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New bid for early-hours prayer meetings at Ipswich cultural centre

PUBLISHED: 11:30 27 May 2020 | UPDATED: 15:13 27 May 2020

The Mulberry Tree closed as a pub in 2017. Picture: LUCY TAYLOR

The Mulberry Tree closed as a pub in 2017. Picture: LUCY TAYLOR

A fresh attempt to relax night-time restrictions at the Kurdish Community Centre near Ipswich town centre – allowing prayer meetings in the small hours of the morning – is to be made next week.

The trustees of the Nawracy Cultural Centre, which was established in the former Mulberry Tree pub at the junction of Crown Street and Woodbridge Road, are asking Ipswich council planners to remove the restriction that would prevent its use between 11pm and 7am.

They made an attempt to lift the restriction last year – but the borough’s planning and development committee rejected the application because of neighbours’ concerns about the noise from the centre in the middle of the night.

Now a new application has been made – and this time planning officers are recommending its approval with strict conditions on the times that people can arrive and leave and restrictions on the amount of noise that is generated.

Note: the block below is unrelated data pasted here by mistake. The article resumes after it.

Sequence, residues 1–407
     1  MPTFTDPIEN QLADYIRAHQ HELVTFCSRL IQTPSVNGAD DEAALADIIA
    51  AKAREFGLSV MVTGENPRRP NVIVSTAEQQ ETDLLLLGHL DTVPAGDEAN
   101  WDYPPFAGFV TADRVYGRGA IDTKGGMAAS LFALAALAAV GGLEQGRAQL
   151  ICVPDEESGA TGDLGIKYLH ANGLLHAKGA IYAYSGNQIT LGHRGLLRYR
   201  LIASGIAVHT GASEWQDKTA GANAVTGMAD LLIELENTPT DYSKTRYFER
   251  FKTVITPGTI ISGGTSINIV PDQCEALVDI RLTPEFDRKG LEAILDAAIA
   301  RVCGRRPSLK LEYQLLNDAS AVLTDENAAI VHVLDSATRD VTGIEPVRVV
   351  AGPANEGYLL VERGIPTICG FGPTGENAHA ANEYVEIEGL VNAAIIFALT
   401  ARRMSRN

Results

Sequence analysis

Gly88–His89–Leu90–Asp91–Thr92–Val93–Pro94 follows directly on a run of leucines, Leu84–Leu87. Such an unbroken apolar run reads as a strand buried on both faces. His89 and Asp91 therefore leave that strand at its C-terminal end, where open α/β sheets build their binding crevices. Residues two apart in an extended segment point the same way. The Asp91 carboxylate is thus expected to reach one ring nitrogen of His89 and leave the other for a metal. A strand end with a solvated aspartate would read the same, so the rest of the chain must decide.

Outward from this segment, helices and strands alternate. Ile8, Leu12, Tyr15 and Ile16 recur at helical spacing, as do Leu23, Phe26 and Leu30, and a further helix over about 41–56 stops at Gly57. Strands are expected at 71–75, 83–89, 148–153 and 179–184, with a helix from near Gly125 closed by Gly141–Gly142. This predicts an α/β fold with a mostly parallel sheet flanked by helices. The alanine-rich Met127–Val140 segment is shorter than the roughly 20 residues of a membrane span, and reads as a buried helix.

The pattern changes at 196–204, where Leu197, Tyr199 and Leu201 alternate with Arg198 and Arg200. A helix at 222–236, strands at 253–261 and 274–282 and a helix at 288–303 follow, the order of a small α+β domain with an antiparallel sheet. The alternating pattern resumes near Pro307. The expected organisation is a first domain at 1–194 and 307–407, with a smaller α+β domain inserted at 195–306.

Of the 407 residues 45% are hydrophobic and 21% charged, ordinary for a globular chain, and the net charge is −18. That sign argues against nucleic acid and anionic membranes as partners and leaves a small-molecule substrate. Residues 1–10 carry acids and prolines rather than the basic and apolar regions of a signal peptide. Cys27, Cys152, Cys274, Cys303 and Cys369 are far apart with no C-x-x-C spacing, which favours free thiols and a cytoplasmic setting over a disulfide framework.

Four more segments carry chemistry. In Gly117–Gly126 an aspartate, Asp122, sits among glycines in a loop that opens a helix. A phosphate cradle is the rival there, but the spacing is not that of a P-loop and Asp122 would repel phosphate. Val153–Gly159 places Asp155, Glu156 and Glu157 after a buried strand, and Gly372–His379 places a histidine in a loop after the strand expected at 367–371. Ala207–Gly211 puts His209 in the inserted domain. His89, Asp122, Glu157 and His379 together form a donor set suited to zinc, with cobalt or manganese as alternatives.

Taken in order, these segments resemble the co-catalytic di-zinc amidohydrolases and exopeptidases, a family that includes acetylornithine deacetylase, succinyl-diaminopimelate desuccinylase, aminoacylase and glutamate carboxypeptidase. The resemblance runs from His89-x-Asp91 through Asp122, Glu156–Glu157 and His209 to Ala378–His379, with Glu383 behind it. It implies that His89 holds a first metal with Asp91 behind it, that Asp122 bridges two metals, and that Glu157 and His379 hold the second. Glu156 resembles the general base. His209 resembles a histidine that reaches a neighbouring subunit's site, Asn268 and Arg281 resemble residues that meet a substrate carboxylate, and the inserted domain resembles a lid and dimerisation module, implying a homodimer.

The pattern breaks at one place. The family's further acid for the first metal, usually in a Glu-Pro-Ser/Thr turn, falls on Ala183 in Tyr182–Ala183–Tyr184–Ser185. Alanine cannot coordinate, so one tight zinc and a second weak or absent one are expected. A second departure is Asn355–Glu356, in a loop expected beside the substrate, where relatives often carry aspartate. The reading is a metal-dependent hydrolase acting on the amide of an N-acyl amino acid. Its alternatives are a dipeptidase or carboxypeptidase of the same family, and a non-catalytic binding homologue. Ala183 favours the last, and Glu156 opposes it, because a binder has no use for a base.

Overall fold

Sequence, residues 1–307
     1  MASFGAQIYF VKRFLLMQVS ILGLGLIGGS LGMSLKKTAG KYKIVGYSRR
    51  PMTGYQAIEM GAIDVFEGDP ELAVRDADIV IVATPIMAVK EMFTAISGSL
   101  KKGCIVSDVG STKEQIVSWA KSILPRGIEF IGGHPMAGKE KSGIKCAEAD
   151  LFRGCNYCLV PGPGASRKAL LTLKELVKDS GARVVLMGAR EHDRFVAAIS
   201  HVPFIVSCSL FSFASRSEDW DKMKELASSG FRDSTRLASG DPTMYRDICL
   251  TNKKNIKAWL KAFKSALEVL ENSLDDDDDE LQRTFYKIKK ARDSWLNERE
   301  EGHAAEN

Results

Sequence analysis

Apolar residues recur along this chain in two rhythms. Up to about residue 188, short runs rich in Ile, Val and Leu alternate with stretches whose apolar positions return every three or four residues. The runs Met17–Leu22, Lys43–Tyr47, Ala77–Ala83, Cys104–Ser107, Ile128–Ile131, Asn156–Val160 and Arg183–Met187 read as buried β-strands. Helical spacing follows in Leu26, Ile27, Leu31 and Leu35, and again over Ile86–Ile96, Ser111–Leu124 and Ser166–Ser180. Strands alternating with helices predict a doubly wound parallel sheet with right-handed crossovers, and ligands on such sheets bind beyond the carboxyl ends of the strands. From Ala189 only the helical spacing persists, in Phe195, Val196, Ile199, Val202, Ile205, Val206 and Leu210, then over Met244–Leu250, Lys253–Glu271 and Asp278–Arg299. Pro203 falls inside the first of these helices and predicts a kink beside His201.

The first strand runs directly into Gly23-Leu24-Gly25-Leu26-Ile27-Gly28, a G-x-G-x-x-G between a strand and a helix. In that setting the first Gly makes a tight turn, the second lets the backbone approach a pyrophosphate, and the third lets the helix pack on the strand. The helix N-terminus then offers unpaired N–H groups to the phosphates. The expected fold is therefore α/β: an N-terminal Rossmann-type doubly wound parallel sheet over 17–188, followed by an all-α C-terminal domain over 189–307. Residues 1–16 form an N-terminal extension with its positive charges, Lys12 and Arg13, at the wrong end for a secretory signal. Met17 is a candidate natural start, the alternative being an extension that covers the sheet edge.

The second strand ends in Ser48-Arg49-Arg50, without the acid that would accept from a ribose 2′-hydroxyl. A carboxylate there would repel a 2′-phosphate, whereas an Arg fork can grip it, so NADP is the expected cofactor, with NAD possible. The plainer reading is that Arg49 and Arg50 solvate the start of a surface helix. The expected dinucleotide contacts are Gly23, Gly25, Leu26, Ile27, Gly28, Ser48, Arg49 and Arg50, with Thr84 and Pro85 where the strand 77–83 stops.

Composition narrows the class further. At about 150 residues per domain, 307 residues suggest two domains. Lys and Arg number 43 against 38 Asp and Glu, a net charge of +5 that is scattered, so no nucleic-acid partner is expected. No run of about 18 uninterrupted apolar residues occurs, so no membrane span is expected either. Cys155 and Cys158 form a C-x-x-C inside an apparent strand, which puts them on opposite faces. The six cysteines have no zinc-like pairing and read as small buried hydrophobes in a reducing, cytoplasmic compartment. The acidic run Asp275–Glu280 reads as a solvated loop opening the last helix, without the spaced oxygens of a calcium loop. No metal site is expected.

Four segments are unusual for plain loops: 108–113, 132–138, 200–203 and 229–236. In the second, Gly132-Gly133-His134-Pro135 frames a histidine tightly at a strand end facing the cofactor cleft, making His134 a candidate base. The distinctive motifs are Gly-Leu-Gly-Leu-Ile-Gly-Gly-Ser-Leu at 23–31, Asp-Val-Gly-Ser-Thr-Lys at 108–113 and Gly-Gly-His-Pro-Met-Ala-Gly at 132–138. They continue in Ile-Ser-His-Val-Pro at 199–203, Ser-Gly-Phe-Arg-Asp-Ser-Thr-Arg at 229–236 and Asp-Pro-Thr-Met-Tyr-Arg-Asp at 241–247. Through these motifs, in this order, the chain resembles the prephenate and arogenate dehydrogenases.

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The issue will be decided at a meeting of the committee that will be held online next Wednesday morning.

In their application, the trustees of the centre say that the times of prayer for Muslims vary according to the times of sunrise and sunset – and early prayers have to be said well before sunrise.

During August this can be between 3.30 and 4.30am – and in June can be as early as 2.30am. The centre includes a prayer room – an issue when it first applied for planning permission and which forced a fresh application for it to be classified as a place of worship which was granted early last year.

In their application, the trustees said: “The members of the congregation and management team wish to be good neighbours and the managing team will not see any problem in managing visitors at night to reduce any potential impact to the nearest homes.”

When there was an application for the lifting of the time restrictions last year it was rejected because there was no survey showing the impact of the increased noise – and no evidence of a need for the relaxation.

The officers say there is now a survey which shows there would probably be only limited disruption – and there is a need for the relaxation. They are recommending an easing of the restrictions for a trial one-year period until June 2021 when there would need to be a new application.


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